Only days after Facebook announced its acquisition of WhatsApp cross platform mobile messaging App, a group of researchers have found gaping holes in the security apparatus of the WhatsApp. This holes have been identified and summarised Praetorian. Praetorian put its new mobile application security testing platform Project Neptune itself to the test on WhatsApp and the Project Neptune came out with some startling results.
Only two days before WhatsApp had been in news due to it reported $19 billion takeover by the social networking giant Facebook. On the date of purchase, WhatsApp had 430 million active users and was adding 1 million users a day. Imagine the names and phone numbers of 430 million users being leaked online. That is just a fantastic theory but would have been a reality had not the Project Neptune delivered its security report.
Just coming back on the Snapchat’s mega leaks on internet, the WhatsApp security personnel took due notice of the Project Neptune report and are working diligently to resolve the same, unlike Snapchat which refused even to acknowledge the breach and faced a embarrassing situation of having 4.6 million user ids leaked online.
Praetorian explains how it managed to hook into WhatsApps security flaws. Project Neptune is Praetorian’s new mobile application security testing platform that allows companies to keep pace with rapid mobile development cycles by incorporating continuous, on-demand security testing. And Praetorian took on WhatsApp as a beta test program for its newly launched Project Neptune.
Within minutes on starting the Project Neptune’s mobile application security testing on WhatsApp, it was able to pick as many as 4 SSL related security issues affecting the confidentiality of WhatsApp user data that passes in transit to back-end servers. This is kind of backdoor that NSA and its BigEyes love to gain user data realtime. It basically allows them or a cyber criminal to man-in-the-middle the connection and then downgrade the encryption so they can break it and snoop on the traffic or download user data. These security issues put WhatsApp user information and communications at risk.
The Praetorian then got in touch with WhatsApp engineers and they are supposed to be attending all the security issues pointed out by the Project Neptune. Below are the issued found out by Project Neptune and WhatsApps action taken on it.
SSL Pinning Not Enforced WhatsApp does not perform SSL pinning when establishing a trusted connection between the mobile applications and back-end web services. Without SSL pinning enforced, an attacker could man-in-the-middle the connection between the mobile applications and back-end web services. This would allow the attacker to sniff user credentials, session identifiers, or other sensitive information.
Update 02/21/2014: WhatsApp is actively working on adding SSL Pinning now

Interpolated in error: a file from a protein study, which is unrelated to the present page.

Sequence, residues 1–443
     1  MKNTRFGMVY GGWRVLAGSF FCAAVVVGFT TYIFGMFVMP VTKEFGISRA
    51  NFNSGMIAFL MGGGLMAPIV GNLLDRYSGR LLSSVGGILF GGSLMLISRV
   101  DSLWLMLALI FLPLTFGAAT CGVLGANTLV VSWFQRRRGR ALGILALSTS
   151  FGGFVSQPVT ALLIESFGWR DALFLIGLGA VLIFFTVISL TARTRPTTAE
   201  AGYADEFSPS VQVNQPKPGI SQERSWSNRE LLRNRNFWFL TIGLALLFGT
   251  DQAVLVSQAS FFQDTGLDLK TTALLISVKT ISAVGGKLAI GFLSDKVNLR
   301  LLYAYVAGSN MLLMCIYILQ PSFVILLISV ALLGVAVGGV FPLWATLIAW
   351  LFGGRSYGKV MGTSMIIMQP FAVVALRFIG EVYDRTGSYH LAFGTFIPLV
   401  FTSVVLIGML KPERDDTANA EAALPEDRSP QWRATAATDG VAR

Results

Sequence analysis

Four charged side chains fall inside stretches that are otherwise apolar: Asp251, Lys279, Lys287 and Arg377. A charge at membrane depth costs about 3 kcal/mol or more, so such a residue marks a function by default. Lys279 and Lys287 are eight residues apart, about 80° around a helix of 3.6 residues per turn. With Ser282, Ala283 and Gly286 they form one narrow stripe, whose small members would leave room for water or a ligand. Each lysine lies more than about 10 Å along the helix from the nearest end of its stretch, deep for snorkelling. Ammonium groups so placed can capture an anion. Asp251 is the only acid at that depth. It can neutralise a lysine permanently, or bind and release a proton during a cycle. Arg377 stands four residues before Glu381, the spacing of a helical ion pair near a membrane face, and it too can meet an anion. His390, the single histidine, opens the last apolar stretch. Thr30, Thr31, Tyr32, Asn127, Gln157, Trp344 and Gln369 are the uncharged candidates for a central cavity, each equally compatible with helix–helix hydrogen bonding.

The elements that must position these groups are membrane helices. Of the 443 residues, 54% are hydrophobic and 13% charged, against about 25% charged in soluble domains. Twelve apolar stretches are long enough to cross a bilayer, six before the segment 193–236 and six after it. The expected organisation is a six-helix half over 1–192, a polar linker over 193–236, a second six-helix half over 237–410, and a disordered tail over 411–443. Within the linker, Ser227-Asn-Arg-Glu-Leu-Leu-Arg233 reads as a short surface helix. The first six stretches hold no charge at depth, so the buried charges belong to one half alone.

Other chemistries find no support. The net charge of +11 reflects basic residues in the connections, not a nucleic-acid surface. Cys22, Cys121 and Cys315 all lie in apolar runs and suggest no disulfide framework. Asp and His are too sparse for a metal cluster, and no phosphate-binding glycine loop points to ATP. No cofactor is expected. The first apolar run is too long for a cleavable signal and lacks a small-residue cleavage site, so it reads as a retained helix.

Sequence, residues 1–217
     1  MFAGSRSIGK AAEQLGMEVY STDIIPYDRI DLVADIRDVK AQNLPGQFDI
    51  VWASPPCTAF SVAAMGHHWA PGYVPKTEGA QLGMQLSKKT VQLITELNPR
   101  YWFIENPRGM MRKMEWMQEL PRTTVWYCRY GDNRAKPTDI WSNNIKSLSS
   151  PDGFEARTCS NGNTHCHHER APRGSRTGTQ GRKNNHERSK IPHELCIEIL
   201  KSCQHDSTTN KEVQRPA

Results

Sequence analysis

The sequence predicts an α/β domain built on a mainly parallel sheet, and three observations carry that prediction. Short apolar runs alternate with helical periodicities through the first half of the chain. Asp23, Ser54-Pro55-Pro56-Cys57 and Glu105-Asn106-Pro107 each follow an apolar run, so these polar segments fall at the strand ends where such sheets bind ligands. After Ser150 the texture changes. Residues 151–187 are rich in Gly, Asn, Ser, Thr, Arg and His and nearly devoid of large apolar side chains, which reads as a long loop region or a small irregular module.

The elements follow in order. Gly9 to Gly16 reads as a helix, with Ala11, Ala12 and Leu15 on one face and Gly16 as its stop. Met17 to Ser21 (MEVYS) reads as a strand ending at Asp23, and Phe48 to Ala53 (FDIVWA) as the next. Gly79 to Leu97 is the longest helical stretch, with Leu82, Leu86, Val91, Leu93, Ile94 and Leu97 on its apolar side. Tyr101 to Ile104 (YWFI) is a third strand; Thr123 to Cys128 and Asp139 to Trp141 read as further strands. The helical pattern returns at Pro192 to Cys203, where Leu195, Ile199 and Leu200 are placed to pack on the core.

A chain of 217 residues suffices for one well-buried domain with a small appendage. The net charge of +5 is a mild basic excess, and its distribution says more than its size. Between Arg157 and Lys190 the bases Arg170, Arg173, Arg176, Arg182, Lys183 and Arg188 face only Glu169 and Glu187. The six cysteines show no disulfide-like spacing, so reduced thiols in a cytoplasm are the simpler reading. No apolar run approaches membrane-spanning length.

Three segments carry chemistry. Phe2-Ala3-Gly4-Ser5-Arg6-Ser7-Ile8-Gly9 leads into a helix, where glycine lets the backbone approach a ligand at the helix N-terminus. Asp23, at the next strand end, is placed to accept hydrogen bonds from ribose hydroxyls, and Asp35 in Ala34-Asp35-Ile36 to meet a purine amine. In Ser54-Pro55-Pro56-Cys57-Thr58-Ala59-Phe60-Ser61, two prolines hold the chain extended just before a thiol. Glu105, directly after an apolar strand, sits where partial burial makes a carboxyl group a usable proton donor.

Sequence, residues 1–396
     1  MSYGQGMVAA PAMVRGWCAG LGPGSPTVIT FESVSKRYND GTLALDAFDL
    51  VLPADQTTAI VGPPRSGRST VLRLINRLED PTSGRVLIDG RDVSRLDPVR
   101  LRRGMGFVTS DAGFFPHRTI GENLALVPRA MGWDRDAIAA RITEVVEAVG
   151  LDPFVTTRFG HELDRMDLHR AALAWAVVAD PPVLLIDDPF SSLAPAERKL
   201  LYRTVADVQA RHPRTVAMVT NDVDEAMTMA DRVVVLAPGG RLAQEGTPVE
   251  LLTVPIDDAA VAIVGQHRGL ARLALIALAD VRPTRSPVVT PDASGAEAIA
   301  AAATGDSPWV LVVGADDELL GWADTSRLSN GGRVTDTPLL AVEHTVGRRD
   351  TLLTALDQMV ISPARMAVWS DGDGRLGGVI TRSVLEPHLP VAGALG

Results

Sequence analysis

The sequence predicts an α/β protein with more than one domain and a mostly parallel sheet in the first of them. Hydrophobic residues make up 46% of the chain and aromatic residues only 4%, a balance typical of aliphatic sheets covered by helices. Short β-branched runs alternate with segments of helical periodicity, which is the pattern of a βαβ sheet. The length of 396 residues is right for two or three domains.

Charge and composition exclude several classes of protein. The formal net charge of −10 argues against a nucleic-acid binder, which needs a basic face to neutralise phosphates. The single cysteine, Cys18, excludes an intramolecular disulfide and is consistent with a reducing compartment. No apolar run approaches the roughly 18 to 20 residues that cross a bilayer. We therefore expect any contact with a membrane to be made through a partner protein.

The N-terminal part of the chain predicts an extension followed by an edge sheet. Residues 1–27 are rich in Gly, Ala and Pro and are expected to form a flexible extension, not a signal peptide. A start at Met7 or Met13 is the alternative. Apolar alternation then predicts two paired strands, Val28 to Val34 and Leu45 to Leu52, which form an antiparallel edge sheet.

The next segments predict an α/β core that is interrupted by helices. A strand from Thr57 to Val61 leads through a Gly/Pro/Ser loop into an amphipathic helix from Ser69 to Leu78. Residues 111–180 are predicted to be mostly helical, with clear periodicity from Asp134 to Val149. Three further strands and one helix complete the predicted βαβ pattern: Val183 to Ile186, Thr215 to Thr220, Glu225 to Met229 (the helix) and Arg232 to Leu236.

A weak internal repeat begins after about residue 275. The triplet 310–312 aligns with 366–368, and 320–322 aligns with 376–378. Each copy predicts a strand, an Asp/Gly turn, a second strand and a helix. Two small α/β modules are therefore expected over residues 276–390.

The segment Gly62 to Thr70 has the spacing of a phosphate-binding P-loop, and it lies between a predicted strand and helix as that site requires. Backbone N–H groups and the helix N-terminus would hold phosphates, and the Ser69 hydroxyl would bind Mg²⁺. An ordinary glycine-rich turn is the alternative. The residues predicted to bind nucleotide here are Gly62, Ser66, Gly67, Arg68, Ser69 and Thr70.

SSL Export Ciphers Support Enabled WhatsApp’s back-end servers allow the use of weak 40-bit and 56-bit encryption schemes. Without malicious intervention this may not be an issue, because the mobile application and server will negotiate the encryption and settle on the strongest encryption they both support. However, an attacker could intercept the communication and forcefully downgrade it to 40-bit or 56-bit DES encryption, which would make brute-force attacks against the encryption feasible.Update 02/21/2014: We no longer find evidence of export cipher support.
SSL Null Ciphers Support Enabled It gets worse. WhatsApp even supports Null Ciphers, which is data that is supposed to be encrypted, but in reality is not. Null Ciphers do not perform any encryption. That is, it simply copies the input stream to the output stream without any changes. With Null Ciphers supported, if the client mobile application attempts to communicate to the server using SSL and both parties do not support any common cipher suites—as a result of a malicious intercept—then it would fall back to sending the data in clear, plain text. Supporting Null Ciphers is not something we come across often—it’s quite rare.Update 02/21/2014: We no longer find evidence of null cipher support.
SSLv2 Protocol Support Enabled WhatsApp was also found to support SSL version 2 (v2), which has been found to contain several weaknesses. SSLv2 is vulnerable to several specific attacks which require sniffing and man-in-the-middling. In addition, SSLv2 utilizes MAC post-encryption and 40-bit MACs, which are both considered design flaw weaknesses. Depending on the time and resources of an attacker, any communication protected by SSLv2 may be vulnerable to man-in-the-middle attacks that could allow data tampering or disclosure.Update 02/21/2014: We no longer find evidence of SSLv2 support.
Praetorian said that the security test cases undertaken in Project Neptune were nonintrusive and limited in scope and were able to give amazing results. It hopes to get Facebook and WhatsApp authorisation to run a full scale evaluation and a more thorough security evaluation of the mobile applications and back-end infrastructure.